The new Nintendo Switch OLED model does not have a Pentile screen.
That might not mean much to you, and it’s not something that we were able to definitively confirm during our review process – other than to say that the screen is a huge improvement. What it is. But there has been speculation since the OLED Switch was announced that its panel could use Pentile technology, which could have had big implications for picture quality. Nintendo devices don’t tend to have the best screens, after all.
Pentile is a registered trademark owned by Samsung which refers to various matrix subpixel layouts most commonly used in OLED display panels. In casual conversations, or as casual as conversations about OLED subpixel layouts may be, Pentile is now essentially a shorthand for “not full RGB,” meaning the red, green, and blue subpixels are shared. between pixels rather than each pixel having all three colors itself.
Almost all OLED displays in consumer handheld devices these days use some form of Pentile subpixel layout. The advantage of Pentile screens is that they are cheaper to produce and can last longer. The downside is that they have a functionally lower resolution than an equivalent display with an RGB stripe, which means you can sometimes see artifacts like dithering and graininess, especially in high contrast situations. like reading text.
The effect decreases as the pixel density increases. Personally, Pentile stopped bothering me on phones when 1080p OLED displays became commonplace, i.e. I didn’t like the Galaxy S III panel but was fine with the Galaxy S4. So a 7-inch 720p Pentile display on a Switch would probably have been a problem. And Nintendo isn’t known for securing the best screen technologies for its devices – like the 3DS, where some models have come up at random with much better IPS displays than regular TN LCD panels, with no indication of what you are getting. would get until you opened the box – so there was a reasonable reason to be concerned about the Switch OLED model.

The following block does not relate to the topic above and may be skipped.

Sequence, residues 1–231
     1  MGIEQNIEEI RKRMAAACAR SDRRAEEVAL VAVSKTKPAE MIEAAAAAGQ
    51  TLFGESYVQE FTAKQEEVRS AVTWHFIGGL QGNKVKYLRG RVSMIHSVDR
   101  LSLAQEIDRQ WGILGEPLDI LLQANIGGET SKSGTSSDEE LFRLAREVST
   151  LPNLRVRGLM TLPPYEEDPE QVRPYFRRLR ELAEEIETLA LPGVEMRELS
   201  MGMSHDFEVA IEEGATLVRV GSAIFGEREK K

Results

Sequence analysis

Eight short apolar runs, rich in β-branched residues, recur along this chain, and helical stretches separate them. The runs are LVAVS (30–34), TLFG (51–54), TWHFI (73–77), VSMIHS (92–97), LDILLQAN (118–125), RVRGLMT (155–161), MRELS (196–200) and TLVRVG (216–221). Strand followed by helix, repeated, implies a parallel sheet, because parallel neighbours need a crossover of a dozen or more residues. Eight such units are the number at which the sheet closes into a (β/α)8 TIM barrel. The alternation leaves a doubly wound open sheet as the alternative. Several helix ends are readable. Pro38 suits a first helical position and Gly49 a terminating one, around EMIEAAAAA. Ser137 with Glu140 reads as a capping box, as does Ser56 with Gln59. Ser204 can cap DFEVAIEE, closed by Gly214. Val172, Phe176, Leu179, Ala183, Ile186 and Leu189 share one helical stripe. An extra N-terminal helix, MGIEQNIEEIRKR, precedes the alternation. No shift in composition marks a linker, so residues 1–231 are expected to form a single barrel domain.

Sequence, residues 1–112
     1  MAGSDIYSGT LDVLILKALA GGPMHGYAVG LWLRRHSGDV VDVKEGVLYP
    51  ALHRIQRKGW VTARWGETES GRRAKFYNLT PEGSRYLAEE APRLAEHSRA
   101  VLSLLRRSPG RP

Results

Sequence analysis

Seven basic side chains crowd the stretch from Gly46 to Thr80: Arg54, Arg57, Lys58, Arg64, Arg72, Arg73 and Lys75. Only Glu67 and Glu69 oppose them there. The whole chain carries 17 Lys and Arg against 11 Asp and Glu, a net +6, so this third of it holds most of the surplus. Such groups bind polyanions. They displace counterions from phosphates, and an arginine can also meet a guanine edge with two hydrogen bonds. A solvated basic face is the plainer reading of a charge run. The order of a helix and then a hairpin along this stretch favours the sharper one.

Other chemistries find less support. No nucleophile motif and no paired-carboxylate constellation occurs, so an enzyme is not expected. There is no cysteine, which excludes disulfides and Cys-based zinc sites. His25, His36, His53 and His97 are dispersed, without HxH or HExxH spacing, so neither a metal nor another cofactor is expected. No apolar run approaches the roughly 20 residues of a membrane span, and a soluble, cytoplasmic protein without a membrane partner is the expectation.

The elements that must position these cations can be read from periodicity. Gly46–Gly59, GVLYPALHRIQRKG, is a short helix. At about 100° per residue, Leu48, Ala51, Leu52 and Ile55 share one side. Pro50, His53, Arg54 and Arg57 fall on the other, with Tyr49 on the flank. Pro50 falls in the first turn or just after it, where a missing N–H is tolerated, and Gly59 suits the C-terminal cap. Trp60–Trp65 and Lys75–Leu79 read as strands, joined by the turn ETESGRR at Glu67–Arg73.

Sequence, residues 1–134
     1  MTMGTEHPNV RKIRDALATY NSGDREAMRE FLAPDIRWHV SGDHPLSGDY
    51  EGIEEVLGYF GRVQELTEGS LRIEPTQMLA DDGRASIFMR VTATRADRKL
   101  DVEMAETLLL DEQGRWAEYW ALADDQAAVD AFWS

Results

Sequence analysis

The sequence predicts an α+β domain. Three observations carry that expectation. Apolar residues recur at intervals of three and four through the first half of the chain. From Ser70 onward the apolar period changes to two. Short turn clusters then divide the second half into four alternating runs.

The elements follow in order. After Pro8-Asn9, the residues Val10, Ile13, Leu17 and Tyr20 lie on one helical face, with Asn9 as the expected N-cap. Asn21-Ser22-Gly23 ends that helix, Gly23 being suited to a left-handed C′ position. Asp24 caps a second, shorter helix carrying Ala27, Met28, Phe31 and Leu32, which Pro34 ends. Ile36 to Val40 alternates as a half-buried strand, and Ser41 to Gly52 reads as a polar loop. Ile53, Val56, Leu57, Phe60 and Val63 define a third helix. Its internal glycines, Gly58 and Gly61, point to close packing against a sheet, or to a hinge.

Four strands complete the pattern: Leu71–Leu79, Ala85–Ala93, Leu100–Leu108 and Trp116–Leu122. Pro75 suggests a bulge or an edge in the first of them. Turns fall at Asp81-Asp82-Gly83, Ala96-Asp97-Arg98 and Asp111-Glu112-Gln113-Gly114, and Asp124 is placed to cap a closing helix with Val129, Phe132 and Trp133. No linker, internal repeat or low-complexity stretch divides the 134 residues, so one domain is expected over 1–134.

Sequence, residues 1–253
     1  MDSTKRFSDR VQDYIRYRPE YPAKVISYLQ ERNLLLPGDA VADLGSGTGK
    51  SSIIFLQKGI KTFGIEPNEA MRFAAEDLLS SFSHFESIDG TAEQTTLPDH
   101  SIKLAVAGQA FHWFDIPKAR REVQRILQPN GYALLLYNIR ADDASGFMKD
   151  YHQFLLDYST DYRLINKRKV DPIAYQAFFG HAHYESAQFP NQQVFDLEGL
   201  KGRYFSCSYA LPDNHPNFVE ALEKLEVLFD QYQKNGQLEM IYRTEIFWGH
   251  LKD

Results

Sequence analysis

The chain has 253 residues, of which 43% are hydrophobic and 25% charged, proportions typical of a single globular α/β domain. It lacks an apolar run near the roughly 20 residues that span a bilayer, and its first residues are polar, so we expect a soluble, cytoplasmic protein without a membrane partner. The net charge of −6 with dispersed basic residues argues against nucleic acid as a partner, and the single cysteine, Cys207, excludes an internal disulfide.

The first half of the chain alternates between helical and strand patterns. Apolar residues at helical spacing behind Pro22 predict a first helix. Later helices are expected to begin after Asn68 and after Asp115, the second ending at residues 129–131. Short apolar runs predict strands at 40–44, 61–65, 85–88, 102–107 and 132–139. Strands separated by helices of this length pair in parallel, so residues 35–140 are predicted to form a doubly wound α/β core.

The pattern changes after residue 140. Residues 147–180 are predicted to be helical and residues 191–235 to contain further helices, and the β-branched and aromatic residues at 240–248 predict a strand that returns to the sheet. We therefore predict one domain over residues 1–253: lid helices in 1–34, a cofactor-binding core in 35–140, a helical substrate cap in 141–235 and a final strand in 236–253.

Well, it turns out there is no need to worry. My personal OLED switch pre-order just arrived, so of course the first thing I did with it was take a macro shot. Here’s what the screen looks like up close:
This is a white area of the screen, so all subpixels are on. The layout is actually a bit unusual, with columns of blue subpixels next to smaller ones, alternating red and green rather than arranging them in uniform RGB rows. The Apple Watch does something similar, and I’m not sure what the benefits of this layout are – it probably has to do with the relative effectiveness of each color. But what matters is that, as you can see, each individual pixel is made up of a single red, green, and blue subpixel, or in other words, you are looking at a full RGB screen with the same. resolution for all three colors.
For comparison, here is the iPhone 13 Pro:
You can see how the subpixels are arranged in a complex diamond pattern, alternating blue and green on one line and red and green on the next. On displays like this, each pixel is made up of fewer subpixels compared to LCDs and RGB OLEDs which reserve three specific subpixels for each pixel on the screen – the “green resolution” is actually superior to the other two colors. As I said before, this isn’t much of a problem on devices with such sharp panels, but the image quality can degrade when the pixels are visible to the naked eye.
It’s not necessarily a big surprise that the new Switch comes equipped with RGB – the original PS Vita had an RGB striped OLED display ten years ago – but you never know with Nintendo. There just aren’t many 720p OLED displays of this size these days, or RGB OLED displays in general, so that was certainly an open question.
Anyway, happy to clarify that. Now i will play Terror Metroid.
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